Practice Opening- gabythefujoshi

A cut down on routine immunizations and visiting home would prove more effective. The article references that survivors of polio can better spread the message of the fatalities of the virus; they are a physical embodiment of its effects. People of Nigeria live in an environment filled with violence and corruption that manifests suspicion of vaccinator teams. They associate their distrust in higher officials like the government on those that want to help. Continuously trying to help is burdening families more. While it results in more people suffering from polio, families hearing others of their community speak about it would make them actively seek out the vaccine.  

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1 Response to Practice Opening- gabythefujoshi

  1. davidbdale says:

    Thank you, gabythefujoshi, for posting early. I hope your classmates (and cohorts) will observe our interaction and get a better sense of what qualifies as a good Practice Opening. You’ve done some beautiful work here, but I have several notes to share, and I want to offer you a chance to post a Rewrite in response.

    You crystallize complex material very nicely. Your best sentence is a good example:

    People of Nigeria live in an environment filled with violence and corruption that manifests suspicion of vaccinator teams.

    Here you identify a very clear SUBJECT (people of Nigeria) and a robust, active VERB (live), and then proceed to make a very CAUSAL CLAIM (violence and corruption create suspicion). It’s beautiful. Try to emulate that strength and clarity in your other sentences.

    —A cut down on routine immunizations and visiting home would prove more effective.

    This might be effective in the middle of an argument, when readers understand the context, but AS THE FIRST SENTENCE OF YOUR OPENING!, it fails miserably to provide the reader any understanding of your subject matter.

    —The article references that survivors of polio can better spread the message of the fatalities of the virus; they are a physical embodiment of its effects.

    You have another failure of context-sharing here, gaby. Readers have no idea what article you’re referencing. I LOVE the structure of your sentence. It WILL work the next time you deploy it. But here, it fails for two reasons. 1) We don’t know what you’re talking about; 2) Survivors are the precise OPPOSITE of the physical embodiment of FATALITY.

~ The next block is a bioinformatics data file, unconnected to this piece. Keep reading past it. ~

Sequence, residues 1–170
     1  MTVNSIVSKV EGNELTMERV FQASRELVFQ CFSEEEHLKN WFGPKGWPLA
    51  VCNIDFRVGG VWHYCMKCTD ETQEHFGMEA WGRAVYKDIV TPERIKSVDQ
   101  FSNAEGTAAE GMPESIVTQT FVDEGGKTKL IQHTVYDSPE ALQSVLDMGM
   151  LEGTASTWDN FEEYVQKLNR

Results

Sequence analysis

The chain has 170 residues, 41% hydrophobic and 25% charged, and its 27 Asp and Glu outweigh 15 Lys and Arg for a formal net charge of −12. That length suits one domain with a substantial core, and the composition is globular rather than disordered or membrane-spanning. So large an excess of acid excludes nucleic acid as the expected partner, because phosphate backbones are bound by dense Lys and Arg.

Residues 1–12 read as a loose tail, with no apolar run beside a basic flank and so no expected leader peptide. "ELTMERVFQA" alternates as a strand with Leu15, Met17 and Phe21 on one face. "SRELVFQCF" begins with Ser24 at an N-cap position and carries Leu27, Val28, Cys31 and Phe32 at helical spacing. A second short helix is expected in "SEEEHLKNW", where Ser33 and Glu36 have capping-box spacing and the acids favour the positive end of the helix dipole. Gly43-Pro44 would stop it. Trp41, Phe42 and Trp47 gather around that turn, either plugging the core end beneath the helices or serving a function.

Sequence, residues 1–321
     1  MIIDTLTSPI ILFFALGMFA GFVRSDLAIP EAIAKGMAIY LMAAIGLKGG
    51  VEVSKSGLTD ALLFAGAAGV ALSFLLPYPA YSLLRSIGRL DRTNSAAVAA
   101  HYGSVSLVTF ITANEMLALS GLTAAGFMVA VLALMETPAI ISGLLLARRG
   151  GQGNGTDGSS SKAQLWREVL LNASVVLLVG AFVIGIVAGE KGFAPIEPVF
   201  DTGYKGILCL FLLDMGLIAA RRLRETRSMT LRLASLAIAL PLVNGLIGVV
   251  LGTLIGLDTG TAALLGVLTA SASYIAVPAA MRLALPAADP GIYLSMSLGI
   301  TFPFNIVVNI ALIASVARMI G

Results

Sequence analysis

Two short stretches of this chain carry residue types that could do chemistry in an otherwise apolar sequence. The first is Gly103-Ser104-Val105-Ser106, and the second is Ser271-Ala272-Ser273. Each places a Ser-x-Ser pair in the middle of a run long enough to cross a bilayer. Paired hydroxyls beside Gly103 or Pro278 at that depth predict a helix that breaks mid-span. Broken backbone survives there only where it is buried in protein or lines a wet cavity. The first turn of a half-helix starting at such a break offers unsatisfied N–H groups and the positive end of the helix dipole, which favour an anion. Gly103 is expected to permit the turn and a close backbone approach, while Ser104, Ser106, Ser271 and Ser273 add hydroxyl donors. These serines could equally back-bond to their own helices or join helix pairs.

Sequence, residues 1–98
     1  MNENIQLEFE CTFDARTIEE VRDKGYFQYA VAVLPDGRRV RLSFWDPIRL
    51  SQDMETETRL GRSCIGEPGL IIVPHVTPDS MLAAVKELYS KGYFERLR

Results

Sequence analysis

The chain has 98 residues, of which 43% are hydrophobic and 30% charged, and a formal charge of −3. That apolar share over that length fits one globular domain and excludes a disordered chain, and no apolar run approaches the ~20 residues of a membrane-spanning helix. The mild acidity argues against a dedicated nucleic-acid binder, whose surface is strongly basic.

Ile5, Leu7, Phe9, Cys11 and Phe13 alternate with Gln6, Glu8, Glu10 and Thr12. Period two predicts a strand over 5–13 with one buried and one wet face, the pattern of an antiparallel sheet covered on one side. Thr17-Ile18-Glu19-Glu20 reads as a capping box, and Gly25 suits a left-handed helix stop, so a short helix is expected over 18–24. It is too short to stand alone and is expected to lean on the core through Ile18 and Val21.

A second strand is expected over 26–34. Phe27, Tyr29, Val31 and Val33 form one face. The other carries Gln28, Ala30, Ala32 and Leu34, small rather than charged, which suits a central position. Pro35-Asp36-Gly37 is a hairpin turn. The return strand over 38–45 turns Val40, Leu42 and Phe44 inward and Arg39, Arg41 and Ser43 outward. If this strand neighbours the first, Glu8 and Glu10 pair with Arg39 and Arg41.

—They associate their distrust in higher officials like the government on those that want to help.

    This is lovely and compelling logic. I couldn’t agree more with your premise. Syntactically: 1) “distrust of,” not “distrust in”; 2) “associate with,” not “associate on.”

    —Continuously trying to help is burdening families more.

    Remember when your sentence had a REALLY CLEAR subject and a ROBUST ACTIVE verb? This sentence lacks both. Your subject is “trying,” but we really have to guess who’s doing the trying. And your verb is “is,” objectively the least robust and active verb of all verbs. Do you mean that the intrusive and mysterious efforts of the vaccination teams are exhausting the Nigerians’ patience? You might. I’m not sure. I should be sure.

    —While it results in more people suffering from polio, families hearing others of their community speak about it would make them actively seek out the vaccine.

    Here you succumb to the peril of “it.” What results in more suffering, gaby? What does the community need to hear spoken? If you can supply those answers in just a few words, you’ll be on your way to mastering Brevity and Clarity.

    My overall impression is quite positive, gaby, especially for your first draft. I invite and encourage you to post a rewrite if you feel motivated to make improvements. If you do that, please publish a brand new post titled “Practice Opening Rewrite—gabythefujoshi.” I’d love to see it.

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